"Suffer Little Children": Child Sacrifice, Martyrdom, and Identity Formation in Judaism and Christianity
AffiliationUniversity of Chester
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AbstractThis essay examines the contrasting ways in which the sacrifice of children is portrayed in Jewish and Christian martyrologies. In these narratives of extreme persecution and suffering, death was often seen to be the way in which religious integrity and identity was preserved. It is argued that Jewish martyr narratives—for example, the First Crusade, Masada, and the Maccabees—reflect a developed notion of collective martyrdom, such that the deaths of children, even at the hands of their parents, are a necessary component in Jewish identity formation. By contrast, early Christianity martyr texts reflect an ambivalence towards children, to the extent that they are viewed as a potential hindrance to the successful martyrdom of their Christian mothers. Children have to be abandoned for women to retain their Christian identity.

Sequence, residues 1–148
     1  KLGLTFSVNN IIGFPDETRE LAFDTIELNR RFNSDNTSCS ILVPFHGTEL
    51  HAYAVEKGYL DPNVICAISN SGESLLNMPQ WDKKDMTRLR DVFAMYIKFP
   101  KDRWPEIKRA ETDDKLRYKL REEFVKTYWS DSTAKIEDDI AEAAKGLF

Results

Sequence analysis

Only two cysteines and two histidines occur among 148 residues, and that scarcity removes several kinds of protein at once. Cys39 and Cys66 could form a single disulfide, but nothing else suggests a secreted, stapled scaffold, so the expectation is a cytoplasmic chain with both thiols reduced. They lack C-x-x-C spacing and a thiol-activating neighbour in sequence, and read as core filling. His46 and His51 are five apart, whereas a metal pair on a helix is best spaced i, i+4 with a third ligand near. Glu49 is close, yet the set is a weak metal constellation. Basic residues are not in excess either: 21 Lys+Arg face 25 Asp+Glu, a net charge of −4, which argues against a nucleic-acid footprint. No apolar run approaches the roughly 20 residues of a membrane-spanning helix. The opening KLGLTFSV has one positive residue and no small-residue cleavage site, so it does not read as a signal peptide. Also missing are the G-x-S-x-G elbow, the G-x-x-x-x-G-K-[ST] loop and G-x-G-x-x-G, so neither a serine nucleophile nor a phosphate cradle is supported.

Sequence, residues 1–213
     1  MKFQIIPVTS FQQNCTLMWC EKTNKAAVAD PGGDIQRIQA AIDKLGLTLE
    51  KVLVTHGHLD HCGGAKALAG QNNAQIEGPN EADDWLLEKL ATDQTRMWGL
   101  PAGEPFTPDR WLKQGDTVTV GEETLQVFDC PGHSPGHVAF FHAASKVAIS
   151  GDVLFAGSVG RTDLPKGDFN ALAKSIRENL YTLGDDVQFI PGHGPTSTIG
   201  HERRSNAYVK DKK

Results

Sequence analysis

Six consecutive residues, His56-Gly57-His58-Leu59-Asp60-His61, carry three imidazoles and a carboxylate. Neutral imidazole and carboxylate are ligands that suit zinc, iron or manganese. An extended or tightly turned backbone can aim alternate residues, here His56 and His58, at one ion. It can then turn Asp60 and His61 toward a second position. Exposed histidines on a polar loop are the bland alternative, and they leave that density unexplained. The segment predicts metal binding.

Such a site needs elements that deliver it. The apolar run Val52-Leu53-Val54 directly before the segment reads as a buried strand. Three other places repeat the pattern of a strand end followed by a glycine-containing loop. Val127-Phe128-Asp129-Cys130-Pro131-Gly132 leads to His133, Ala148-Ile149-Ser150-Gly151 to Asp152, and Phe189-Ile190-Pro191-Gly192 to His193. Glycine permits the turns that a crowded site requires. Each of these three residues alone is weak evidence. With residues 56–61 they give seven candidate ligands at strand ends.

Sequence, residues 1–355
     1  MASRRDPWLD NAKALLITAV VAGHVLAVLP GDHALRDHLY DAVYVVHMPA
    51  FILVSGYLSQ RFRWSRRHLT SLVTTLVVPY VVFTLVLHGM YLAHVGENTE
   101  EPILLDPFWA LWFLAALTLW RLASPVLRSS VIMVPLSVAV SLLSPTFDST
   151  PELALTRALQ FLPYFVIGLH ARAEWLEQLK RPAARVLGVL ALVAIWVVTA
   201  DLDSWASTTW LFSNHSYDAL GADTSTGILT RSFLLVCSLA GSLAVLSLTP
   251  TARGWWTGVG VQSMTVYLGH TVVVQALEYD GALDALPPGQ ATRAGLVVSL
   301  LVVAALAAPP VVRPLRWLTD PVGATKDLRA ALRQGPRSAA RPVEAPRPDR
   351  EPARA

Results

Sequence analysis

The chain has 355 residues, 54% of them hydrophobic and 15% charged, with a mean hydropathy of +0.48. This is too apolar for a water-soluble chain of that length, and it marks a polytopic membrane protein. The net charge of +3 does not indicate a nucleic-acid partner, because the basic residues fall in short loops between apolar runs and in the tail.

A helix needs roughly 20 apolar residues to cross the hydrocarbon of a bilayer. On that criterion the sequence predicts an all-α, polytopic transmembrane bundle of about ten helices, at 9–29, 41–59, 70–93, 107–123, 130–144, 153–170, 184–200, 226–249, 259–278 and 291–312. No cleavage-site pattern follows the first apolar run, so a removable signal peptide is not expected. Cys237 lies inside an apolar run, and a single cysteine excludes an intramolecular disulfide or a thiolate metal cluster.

CitationMiddleton, P. (2016). "Suffer Little Children": Child sacrifice, martyrdom, and identity formation in Judaism and Christianity. Journal of Religion and Violence, 4(3), 337-356.
JournalJournal of Religion and Violence
DescriptionThis document is the Accepted Manuscript version of a published work that appeared in final form in Journal of Religion and Violence. To access the final edited and published work see http://dx.doi.org/10.5840/jrv201612531
CollectionsTheology and Religious Studies
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